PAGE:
What a great discovery. We heard about them when they were announced for the 2014 Hardly Strictly Bluegrass festival. We were pleasantly surprised. Solid album of well-crafted americana pop songs. Valley of Fevers is a big highlight on this disc. Just imagine yourself barefoot on the grasses of speedway meadow, spinning around and 'round and 'round, arms and hair flung out sideways from the centrifugal force, smile on your face as it's tilted backwards to face the warm yellow afternoon sun. That gives you a pretty good idea of what this song is all about. (Apr '14)
Damon Albarn
Everyday Robots
Finally! Don't get us wrong, we enjoyed Gorillaz, The Good, The Bad and the Queen and Albarn's other side projects. But we knew the dude who turned out the pure genius of "13", Blur's moody, introspective 1999 release, had more in him. We weren't wrong. This album was worth the wait. The fact that it is probably best suited for playing start to finish at a low volume during a lazy afternoon nap... implying that Albarn's musical growth is in lock step with our own ... is a minor miracle. Especially when you consider the regurgitated garbage that other, more commercially successful old rockers are putting out. (Apr '14)
Dean Wareham
Dean Wareham
In a year that has us digging the musical growth in new releases from old musicians (BJM, Albarn), we are also loving the same-old, same-old from others. The tracks on Dean Wareham's new album sound like they can be pulled right off of 1992's Lunapark album ... and that's a good thing. Don't believe us, go back and spin some early Luna again. What a timeless band. (Mar '14)
The Brian Jonestown Massacre
Our favorite band at the turn of the century comes out with (or, at least Anton comes out with) a new release so we have to pick it up and spin it. We love that Anton is still creating music. We love that that he is still growing and experimenting with this music while keeping an some of the jangly psychedelic guitars around to be called for from time to time. We just can't though, however much we wish we could, go back to who we were in the late 90s and early 00s when BJM was the best band on the planet in our eyes. (May '14)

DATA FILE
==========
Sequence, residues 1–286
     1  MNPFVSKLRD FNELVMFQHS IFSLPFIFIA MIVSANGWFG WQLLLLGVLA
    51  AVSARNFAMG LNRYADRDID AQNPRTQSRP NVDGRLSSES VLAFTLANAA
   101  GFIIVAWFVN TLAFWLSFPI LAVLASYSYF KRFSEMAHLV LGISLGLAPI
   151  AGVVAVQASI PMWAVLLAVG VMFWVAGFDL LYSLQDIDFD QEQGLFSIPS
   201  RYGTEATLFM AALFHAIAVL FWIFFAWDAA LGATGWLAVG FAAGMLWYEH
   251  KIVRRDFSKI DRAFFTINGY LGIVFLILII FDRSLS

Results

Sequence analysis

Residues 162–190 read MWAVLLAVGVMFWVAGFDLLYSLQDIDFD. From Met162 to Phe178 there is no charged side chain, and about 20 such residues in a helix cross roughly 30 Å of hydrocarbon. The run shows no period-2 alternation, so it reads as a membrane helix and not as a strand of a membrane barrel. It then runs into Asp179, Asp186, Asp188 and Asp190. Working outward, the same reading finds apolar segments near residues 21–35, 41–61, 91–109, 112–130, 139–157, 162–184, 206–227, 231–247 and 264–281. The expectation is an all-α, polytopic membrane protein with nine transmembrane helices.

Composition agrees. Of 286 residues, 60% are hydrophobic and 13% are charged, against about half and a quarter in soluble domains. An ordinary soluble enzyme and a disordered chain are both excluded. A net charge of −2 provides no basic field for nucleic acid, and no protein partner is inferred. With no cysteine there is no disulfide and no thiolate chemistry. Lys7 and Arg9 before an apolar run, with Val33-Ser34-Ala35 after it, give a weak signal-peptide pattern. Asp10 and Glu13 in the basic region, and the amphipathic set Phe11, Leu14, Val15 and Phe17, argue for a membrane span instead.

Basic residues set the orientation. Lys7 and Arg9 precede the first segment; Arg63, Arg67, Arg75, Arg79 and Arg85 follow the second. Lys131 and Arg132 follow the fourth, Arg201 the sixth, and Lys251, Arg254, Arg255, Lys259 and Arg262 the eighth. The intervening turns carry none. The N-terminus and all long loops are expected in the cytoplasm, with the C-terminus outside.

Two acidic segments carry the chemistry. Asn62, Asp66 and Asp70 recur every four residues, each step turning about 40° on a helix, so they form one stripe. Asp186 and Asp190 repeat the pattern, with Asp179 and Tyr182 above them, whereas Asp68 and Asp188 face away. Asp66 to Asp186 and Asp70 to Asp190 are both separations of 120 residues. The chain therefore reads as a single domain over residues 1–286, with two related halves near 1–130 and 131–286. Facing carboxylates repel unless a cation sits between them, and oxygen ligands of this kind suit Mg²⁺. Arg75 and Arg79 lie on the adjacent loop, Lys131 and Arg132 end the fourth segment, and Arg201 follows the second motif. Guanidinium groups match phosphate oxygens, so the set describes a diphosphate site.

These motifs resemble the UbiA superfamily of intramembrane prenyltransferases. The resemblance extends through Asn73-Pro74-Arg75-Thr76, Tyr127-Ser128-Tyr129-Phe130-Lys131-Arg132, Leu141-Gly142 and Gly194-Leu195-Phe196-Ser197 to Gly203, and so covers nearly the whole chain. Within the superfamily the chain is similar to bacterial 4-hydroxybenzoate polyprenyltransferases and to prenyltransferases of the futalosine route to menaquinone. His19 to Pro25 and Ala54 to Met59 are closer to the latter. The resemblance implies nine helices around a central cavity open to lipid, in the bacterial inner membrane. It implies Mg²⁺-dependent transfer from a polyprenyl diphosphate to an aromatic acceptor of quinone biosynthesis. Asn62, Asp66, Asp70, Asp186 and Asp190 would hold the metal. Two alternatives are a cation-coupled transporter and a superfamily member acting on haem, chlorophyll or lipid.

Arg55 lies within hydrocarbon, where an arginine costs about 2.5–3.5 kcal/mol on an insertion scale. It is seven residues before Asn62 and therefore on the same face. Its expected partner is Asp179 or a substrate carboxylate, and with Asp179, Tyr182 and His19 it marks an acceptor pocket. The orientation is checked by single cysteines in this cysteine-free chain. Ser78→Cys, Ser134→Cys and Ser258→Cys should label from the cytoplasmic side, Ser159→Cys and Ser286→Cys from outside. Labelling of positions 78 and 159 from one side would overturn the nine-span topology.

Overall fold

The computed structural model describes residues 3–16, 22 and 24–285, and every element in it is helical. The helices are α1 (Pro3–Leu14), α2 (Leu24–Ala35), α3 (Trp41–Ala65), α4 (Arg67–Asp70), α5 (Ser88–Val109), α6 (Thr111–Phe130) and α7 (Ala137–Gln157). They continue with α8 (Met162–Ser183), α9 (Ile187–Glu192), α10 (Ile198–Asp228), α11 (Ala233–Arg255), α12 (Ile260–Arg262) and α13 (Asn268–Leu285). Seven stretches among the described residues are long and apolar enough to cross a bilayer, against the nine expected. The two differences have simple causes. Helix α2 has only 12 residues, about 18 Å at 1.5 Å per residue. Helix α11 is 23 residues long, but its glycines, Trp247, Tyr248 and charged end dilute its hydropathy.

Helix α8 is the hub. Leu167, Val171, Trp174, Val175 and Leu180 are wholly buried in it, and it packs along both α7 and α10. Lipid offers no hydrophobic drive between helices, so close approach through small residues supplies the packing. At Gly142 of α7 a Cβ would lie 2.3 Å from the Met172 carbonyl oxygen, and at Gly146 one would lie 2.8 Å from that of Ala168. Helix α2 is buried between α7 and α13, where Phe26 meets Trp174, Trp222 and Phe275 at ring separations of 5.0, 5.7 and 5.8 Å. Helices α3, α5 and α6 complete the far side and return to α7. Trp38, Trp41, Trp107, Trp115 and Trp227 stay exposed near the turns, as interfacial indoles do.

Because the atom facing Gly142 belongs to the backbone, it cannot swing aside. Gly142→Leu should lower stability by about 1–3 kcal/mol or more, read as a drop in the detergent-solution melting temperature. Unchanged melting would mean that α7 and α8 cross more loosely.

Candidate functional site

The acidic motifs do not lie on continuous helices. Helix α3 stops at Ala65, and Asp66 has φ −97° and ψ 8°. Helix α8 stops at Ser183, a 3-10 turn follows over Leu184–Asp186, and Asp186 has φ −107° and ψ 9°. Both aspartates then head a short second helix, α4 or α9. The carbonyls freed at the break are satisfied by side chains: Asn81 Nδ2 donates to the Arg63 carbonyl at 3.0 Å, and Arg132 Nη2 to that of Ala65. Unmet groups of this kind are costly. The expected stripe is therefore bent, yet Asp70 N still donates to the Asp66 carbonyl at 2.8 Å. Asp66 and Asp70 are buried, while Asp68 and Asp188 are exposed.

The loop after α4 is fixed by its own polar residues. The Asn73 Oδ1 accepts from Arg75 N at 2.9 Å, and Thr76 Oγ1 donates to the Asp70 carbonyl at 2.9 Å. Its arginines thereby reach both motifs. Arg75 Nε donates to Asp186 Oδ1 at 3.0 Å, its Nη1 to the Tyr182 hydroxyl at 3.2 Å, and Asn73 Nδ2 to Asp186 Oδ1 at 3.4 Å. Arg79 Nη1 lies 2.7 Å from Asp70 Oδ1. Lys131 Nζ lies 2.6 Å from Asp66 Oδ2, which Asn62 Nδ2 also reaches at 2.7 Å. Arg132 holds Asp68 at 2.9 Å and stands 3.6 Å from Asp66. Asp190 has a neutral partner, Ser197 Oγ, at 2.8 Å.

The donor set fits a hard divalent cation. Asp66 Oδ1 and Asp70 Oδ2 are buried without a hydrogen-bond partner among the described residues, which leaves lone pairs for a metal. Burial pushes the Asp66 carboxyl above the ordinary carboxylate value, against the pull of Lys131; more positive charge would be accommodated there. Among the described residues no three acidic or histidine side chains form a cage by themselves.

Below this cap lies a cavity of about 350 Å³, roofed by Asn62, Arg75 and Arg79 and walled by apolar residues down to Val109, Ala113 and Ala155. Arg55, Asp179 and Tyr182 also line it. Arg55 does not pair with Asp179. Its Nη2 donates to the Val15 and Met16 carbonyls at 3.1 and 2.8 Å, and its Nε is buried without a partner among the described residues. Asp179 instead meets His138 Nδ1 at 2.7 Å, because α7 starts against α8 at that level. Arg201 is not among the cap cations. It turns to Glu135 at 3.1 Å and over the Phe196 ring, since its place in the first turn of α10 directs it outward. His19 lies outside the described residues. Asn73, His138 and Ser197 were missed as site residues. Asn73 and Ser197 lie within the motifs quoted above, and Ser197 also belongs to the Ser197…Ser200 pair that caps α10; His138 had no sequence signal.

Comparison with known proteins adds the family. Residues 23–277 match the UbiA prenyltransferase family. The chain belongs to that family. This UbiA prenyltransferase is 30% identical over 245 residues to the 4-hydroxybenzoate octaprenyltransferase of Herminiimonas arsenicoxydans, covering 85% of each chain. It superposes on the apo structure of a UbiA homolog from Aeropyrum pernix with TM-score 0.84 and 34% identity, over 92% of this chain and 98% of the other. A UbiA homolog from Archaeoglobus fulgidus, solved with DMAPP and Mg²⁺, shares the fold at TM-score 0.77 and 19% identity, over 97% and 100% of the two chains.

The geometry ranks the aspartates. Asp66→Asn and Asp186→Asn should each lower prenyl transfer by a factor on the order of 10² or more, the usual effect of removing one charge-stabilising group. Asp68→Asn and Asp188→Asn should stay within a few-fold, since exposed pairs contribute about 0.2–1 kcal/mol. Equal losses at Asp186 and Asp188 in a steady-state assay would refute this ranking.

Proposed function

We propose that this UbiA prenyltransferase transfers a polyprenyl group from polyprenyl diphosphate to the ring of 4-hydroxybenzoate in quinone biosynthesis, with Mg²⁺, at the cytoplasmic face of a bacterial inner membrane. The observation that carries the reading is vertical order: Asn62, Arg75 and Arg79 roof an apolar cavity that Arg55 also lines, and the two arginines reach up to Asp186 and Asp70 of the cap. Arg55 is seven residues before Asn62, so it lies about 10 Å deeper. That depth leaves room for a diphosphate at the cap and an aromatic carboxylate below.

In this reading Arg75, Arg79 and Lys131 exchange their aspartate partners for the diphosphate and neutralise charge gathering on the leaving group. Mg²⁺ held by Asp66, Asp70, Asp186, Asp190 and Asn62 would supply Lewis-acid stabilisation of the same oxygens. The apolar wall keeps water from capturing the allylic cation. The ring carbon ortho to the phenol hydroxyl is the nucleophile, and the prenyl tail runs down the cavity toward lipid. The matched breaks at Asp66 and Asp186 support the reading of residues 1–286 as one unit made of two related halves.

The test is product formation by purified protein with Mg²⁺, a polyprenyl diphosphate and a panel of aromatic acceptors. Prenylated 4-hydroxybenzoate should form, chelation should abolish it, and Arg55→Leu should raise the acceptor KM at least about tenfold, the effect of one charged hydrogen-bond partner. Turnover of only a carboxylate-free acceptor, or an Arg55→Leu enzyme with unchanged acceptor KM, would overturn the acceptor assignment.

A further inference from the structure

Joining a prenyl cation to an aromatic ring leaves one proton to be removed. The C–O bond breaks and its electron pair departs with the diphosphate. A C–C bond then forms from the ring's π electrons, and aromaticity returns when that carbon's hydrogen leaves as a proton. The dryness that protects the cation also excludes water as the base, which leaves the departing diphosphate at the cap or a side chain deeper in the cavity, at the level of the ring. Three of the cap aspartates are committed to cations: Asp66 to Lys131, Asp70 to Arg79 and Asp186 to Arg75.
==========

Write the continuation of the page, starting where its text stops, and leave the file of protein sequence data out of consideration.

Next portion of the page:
Broken Bells
After The Disco
We loved Broken Bells' debut release in 2010. We loved it back then and still now. Outside of a couple of tunes on this one (Lazy Wonderland, The Angel and the Fool), we are not so crazy about this release though. The formula seems to be the same, as is the personnel. Perhaps expectations were too high the second time around or similar sorts, but better, releases came out around the same time (e.g., The Black Keys, Damien Jurado)? (Feb '14)
Bombay Bicycle Club
So Long, See You Tomorrrow
The song So Long, See You Tomorrrow is a treat and is on our high rotation. A unique song that can combine chill and dance/drums and bass grooves all in one song. We were looking at initial listen. The rest of the album? We weren't quite as hooked at initial listen ... not necessarily because there weren't good songs, just not different songs. (Feb '14)
Bohren & Der Club Of Gore
Piano Nights
Lonely late nights at creepy, poorly light, underground jazz club. Too depresssed to sleep, you re-light the candle on your table-for-one and order another a burbon to numb yourself until daylight. (Jan '14)
Courtney Barnett
The Double Ep: A Sea of Split Peas
We love the deadpan, slightly off beat musings of Barnett as she barks her lyrics over her jangly guitars and tap tap drumming. Especially on the song Avant Gardener ... "the paramedic thinks I'm clever because I play guitar, I think she's clever because she stops people dying". We're not sticklers about lyrics around here. They don't make or break our experience. Give us a good mood and we don't care what your lyrics are or what language you're singing in (see: Sigur Ros). But we find ourselves trying to squeeze a little extra entertainment value out of following along with the lyrics on this one. (Feb '14)
John Grant
Pale Green Ghosts
Just fucking wow. Take a listen GMF and you'll know immediately if you'd like this one. We love it and are listening to this song about 5 or 6 times a day it's that good. Spirtual, uplifting, mysterious, dark, foreboding, elegant with some great lyrics to boot ("Half of the time I think I'm in some movie, I play the underdog of course; I wonder who they'll get to play me, maybe they could dig up Richard Burton's corpse"). All the odd number songs (and song 10) on this disc are musts. (May '13)
Beth Jeans Houghton & the Hooves of Destiny
Yours Truly, Cellophane Nose
Orchestrated, big, expansive ... we're tempted to file this one under our show-tunes genre folder. Guess we shouldn't have expected otherwise from another strong female lead act on the same label as Goldfrapp. (Feb '12)